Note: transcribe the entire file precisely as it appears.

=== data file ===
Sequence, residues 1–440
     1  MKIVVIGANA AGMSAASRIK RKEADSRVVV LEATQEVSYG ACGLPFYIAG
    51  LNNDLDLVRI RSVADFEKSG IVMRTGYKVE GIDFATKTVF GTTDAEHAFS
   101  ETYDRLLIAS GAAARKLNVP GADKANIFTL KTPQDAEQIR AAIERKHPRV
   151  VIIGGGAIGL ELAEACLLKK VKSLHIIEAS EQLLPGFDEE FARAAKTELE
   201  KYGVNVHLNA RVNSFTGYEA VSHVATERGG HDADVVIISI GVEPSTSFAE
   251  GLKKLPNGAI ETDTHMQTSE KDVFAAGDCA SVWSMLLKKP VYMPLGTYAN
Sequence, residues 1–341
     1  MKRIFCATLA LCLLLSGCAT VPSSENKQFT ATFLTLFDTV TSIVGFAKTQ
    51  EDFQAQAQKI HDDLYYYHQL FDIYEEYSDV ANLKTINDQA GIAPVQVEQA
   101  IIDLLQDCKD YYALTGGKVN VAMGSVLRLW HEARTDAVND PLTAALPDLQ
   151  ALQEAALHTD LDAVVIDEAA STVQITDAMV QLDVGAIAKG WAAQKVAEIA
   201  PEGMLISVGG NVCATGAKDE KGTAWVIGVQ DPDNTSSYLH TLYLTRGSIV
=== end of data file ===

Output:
Sequence, residues 1–440
     1  MKIVVIGANA AGMSAASRIK RKEADSRVVV LEATQEVSYG ACGLPFYIAG
    51  LNNDLDLVRI RSVADFEKSG IVMRTGYKVE GIDFATKTVF GTTDAEHAFS
   101  ETYDRLLIAS GAAARKLNVP GADKANIFTL KTPQDAEQIR AAIERKHPRV
   151  VIIGGGAIGL ELAEACLLKK VKSLHIIEAS EQLLPGFDEE FARAAKTELE
   201  KYGVNVHLNA RVNSFTGYEA VSHVATERGG HDADVVIISI GVEPSTSFAE
   251  GLKKLPNGAI ETDTHMQTSE KDVFAAGDCA SVWSMLLKKP VYMPLGTYAN
Sequence, residues 1–341
     1  MKRIFCATLA LCLLLSGCAT VPSSENKQFT ATFLTLFDTV TSIVGFAKTQ
    51  EDFQAQAQKI HDDLYYYHQL FDIYEEYSDV ANLKTINDQA GIAPVQVEQA
   101  IIDLLQDCKD YYALTGGKVN VAMGSVLRLW HEARTDAVND PLTAALPDLQ
   151  ALQEAALHTD LDAVVIDEAA STVQITDAMV QLDVGAIAKG WAAQKVAEIA
   201  PEGMLISVGG NVCATGAKDE KGTAWVIGVQ DPDNTSSYLH TLYLTRGSIV